The Old Jewry was a Jewish ghetto in twelfth and thirteenth centuries in London. Its main street, Jewry Street (now known as Old Jewry Street), is approximately 20 feet wide, 476 feet long, runs north to south from Gresham Street to Poultry Street, and is located within the EC2 postcode area. Old Jewry’s postcode district includes Moorgate, Barbican (the location of the Museum of London’s main exhibitions) and Queen Victoria Street. It also includes the eastern corner of the City of London–north of the River Thames–from St Paul's Cathedral.
Although it is no longer the exclusively Jewish-populated ghetto and financial sector it once was, the streets surrounding Old Jewry are still home to many of London’s largest financial corporations, such as the Bank of England, Lloyds of London, and the Reserve Bank of Australia.
Within old Jewry Street once stood the Great Synagogue, or the center of religious life for the Jewish population of medieval London. Following the great difficulties experienced by the Jews in England in the thirteenth century, the Great Synagogue was closed in 1272. Shortly after its closure, Edward I’s Edict of Expulsion (1290) resulted in the expulsion of Jews from England until their informal readmission in the mid-seventeenth century.
In order to better understand the historical significance of the Jewry one must first recognize the circumstances under which Jews migrated to London, the rules and regulations to which they were bound under the English crown, their role in the development of London as a financial center, and the reasons for their expulsion.
Beginning in the late eleventh century, William I encouraged Jews to migrate to London as part of a policy of stimulating commercial and financial development– a policy that proved to be instrumental to the restoration of London’s economic infrastructure following the devastating Norman Conquest of 1066.
Thus, with their arrival, the Jews brought with them money that they lent to the King at interest when the tax and feudal dues from his counties and wards were not duly collected. For their services, the Jews of London were given rights proclaimed in the Statutum de judaismo issued under Henry I. Under this ‘Jewish Charter’ the Jewish population of London was guaranteed, according to Brown and McCartney, “liberty of movement through out the country, relief from ordinary tolls, protection from misuse, free recourse to royal justice and responsibility to no other, permission to retain land pledged as security, and special provision to ensure fair trial.”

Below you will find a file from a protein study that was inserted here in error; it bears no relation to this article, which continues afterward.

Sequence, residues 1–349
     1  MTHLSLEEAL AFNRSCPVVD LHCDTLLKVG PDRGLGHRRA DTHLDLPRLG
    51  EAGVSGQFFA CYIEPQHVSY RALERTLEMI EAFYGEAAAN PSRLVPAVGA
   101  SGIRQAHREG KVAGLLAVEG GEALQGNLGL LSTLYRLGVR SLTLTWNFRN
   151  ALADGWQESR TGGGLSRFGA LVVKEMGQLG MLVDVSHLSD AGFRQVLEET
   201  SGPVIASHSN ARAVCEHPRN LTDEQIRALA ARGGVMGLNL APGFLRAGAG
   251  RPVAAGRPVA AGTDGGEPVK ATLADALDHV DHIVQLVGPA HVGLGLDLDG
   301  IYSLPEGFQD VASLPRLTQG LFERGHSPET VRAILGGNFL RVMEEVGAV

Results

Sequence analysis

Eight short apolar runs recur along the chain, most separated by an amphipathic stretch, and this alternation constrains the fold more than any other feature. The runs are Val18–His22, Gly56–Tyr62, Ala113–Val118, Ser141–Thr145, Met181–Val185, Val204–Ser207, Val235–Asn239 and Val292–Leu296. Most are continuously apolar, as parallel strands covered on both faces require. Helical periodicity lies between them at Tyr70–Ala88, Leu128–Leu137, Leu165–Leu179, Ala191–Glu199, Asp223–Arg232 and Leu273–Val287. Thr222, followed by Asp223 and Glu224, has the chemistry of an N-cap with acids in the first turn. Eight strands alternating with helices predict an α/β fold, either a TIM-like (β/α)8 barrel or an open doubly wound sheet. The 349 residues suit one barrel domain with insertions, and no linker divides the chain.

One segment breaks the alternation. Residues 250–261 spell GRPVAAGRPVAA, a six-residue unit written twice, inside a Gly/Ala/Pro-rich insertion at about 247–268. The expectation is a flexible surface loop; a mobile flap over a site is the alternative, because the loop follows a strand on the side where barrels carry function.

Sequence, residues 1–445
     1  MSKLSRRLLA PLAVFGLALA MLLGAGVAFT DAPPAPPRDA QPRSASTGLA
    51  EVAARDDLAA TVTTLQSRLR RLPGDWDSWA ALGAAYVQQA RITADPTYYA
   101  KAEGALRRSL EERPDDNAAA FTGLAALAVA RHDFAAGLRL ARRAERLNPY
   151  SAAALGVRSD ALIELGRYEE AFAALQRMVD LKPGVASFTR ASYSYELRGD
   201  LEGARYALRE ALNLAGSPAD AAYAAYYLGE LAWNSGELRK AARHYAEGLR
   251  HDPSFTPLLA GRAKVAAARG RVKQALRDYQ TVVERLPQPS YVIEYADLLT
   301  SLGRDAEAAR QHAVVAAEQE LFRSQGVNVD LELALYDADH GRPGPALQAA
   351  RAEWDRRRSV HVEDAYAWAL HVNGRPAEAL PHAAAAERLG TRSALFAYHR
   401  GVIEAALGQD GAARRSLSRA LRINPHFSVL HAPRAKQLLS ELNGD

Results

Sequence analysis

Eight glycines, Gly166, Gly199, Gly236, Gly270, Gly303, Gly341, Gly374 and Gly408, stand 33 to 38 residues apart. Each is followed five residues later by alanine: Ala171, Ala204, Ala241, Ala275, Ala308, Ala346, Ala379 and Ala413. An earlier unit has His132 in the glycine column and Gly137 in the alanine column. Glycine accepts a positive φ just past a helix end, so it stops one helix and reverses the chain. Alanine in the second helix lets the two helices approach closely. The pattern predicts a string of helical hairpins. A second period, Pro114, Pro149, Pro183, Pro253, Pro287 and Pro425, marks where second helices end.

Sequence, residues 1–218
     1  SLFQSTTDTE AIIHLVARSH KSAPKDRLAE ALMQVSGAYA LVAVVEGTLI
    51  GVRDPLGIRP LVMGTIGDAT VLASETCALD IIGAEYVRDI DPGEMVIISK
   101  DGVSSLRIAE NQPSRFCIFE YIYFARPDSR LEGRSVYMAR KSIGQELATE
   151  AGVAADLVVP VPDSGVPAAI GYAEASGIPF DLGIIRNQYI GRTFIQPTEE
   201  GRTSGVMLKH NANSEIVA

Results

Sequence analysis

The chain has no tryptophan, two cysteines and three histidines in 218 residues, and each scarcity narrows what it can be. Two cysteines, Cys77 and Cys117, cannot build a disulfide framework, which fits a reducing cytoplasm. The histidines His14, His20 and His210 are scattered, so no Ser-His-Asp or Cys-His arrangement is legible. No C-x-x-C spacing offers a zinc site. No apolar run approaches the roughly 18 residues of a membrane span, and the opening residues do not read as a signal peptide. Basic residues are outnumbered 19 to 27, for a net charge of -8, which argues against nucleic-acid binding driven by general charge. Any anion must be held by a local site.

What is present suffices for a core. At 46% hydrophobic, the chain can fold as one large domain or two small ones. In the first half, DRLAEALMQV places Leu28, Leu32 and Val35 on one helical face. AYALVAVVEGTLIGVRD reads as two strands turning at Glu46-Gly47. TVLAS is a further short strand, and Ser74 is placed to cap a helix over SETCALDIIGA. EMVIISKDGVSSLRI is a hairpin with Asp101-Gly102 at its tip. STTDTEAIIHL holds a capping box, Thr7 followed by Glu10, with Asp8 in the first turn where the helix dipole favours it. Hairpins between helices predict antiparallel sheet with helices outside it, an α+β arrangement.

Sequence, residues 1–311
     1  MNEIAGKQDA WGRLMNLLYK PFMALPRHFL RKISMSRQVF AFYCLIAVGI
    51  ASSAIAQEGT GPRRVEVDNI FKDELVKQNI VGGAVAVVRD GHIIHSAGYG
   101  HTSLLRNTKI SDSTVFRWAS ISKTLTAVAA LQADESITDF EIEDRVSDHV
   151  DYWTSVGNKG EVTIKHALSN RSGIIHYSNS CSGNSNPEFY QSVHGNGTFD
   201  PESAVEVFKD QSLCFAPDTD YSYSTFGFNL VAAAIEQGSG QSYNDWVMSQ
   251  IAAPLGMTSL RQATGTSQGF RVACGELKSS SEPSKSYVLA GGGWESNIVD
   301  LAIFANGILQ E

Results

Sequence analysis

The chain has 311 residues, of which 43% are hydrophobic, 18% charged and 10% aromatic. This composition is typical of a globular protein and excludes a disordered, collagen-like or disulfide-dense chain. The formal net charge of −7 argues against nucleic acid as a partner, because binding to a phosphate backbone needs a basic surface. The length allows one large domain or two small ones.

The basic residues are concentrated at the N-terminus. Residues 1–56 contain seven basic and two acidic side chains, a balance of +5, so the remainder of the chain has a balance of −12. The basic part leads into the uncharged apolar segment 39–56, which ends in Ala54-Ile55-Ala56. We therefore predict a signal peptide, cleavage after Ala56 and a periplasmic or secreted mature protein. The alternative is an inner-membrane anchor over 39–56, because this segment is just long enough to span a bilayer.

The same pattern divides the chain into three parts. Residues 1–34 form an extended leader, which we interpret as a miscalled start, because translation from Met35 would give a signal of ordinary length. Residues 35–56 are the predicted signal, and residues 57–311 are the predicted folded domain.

Although succeeding rulers confirmed the rights established under the charter, English contempt for the Jewish population grew with the passage of time. English disdain for Jews reached its peak in the thirteenth century as a result of numerous financial disagreements and criminal allegations, most of which were false and founded on jealousy and an irrational fear of the foreign and unknown. By 1290 the persecution of England's Jews turned into bloodshed: Jews were massacred at Londonand Yorkpogroms, and those who were not killed were stripped of their rights granted to them by charters.
Although trade and the need for capital were growing under the reign of Edward I, who was in debt from the moment he began his reign until his death in 1307, the people of England refused to accept the presence of a Jewish community in their kingdom.
Given the historical context of the medieval Jewish population, it becomes evident that the ghetto of Old Jewry, like all of the ghettoes in the history of mankind, formed as a result of social, legal, and economic pressures. The anti-Semitic sentiment within the Christian population of London encouraged Jews in London to take advantage of the rights granted unto them under the Statutum de judaismo. In effect, the ghetto of Old Jewry was formed by–and as a safe haven for–Jewish financiers and their families. Nevertheless, the Jewish community’s seclusion within the streets of Old Jewry only worsened their obscurity– a factor that contributed to the English disdain for Jews until its breaking point.
- Philippe Brandon Benedit